For while there are many things about the church that might surely mystify our Lord and Savior, the fact that we have a special category known as Ministers of Evangelism has got be at the top of the list. For that job, after all, belongs to each and every one of us. Together, as a community of redeemed and saved folk, we are to be salt and light for the world.

 

There is a story about a church that set out to build a new sanctuary. It was beautifully constructed and had interwoven throughout it many of the traditional symbols associated with Christianity.

 

There was a cross at the front of sanctuary, a communion table and baptismal font, some marvelous stained glass windows, and even a high hung pulpit that the minister actually had to get to by climbing a flight of stairs.                 

 

But there was also one thing put in the new sanctuary that seemed a bit odd at first. You see, a conscious decision was made to have little niches built into the walls of the sanctuary and along the bases of the windows.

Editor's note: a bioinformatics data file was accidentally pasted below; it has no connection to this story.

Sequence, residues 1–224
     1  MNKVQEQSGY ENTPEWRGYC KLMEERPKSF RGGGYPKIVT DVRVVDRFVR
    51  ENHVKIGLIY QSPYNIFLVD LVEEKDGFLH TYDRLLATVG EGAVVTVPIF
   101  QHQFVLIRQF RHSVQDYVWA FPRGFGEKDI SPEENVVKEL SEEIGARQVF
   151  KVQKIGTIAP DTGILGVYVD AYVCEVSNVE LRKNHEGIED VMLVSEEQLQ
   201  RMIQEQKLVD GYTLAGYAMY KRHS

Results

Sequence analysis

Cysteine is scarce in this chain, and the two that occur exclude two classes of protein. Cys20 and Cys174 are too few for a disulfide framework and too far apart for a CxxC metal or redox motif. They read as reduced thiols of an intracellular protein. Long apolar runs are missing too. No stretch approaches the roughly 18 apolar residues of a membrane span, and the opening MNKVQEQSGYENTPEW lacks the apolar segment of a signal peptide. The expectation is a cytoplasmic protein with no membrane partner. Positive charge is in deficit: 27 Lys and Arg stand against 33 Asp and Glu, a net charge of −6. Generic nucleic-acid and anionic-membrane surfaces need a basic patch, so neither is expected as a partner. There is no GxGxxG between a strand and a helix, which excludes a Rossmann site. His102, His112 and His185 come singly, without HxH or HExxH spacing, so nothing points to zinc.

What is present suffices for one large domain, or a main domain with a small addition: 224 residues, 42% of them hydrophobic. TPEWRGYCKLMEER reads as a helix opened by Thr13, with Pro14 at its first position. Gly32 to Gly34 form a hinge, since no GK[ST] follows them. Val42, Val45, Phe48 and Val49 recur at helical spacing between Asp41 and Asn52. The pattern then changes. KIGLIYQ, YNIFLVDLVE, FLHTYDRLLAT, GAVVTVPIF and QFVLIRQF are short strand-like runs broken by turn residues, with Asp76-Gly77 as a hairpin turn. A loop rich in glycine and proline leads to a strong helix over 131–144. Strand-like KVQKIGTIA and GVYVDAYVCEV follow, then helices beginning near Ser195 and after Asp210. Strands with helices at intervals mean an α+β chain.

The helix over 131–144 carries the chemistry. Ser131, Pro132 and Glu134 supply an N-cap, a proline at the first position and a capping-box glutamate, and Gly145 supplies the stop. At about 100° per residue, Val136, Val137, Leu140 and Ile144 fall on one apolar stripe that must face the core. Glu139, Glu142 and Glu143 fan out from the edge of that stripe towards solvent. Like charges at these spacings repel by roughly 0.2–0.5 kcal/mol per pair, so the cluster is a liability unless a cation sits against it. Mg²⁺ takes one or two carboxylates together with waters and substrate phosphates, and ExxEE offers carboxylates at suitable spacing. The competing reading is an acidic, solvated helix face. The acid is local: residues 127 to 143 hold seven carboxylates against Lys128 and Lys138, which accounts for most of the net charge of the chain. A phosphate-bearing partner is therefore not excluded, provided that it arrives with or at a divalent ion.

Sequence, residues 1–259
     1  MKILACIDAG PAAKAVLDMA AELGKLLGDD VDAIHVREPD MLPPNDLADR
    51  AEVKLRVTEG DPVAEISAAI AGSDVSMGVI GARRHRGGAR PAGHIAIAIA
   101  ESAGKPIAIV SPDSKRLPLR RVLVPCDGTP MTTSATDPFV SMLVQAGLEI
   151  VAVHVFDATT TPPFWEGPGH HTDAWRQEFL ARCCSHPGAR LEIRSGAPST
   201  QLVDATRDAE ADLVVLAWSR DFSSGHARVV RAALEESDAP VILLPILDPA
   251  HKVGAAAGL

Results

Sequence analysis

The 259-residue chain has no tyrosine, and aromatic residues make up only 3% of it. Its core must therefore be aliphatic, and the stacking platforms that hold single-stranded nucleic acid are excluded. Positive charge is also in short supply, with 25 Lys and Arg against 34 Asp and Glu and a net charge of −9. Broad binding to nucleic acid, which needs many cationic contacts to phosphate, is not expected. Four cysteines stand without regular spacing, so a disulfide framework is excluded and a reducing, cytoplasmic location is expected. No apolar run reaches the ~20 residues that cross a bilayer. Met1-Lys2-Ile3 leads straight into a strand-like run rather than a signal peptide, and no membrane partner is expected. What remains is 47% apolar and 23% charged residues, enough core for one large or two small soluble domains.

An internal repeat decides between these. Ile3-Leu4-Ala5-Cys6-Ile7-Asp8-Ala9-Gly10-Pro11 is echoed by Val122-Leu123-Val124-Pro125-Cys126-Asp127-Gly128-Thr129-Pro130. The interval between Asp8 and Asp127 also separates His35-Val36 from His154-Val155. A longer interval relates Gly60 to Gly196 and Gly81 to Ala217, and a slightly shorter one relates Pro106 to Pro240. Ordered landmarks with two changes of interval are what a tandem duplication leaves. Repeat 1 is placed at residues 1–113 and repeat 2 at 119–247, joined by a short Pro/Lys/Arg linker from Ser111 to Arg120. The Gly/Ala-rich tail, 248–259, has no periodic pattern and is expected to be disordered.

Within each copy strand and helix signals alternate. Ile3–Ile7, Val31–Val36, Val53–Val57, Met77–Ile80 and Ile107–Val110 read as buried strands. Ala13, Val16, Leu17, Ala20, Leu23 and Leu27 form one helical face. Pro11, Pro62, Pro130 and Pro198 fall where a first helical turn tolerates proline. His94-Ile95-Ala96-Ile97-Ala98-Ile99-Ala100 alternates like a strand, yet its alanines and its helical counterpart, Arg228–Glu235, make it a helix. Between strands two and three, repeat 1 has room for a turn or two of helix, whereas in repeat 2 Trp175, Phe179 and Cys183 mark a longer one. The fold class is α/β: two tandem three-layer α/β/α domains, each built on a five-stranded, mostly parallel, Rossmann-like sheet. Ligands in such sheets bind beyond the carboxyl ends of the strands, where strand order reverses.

And then the people in charge did something pretty neat. They assigned every member of the congregation a niche with instructions that they were to provide the needed candles for each of the small openings. Needless to say, the niches with their assorted different candles served as continual reminders to the congregation of their collective calling.      

 

“You,” says Jesus to any and all that would seek to follow him, “you are the light of the world.”

 

Robert Fulghum, in his book It Was on Fire When I Lay Down on It, tells that great story of a man named Dr. Papaderos, who lived through World War II as a small boy on the island of Crete.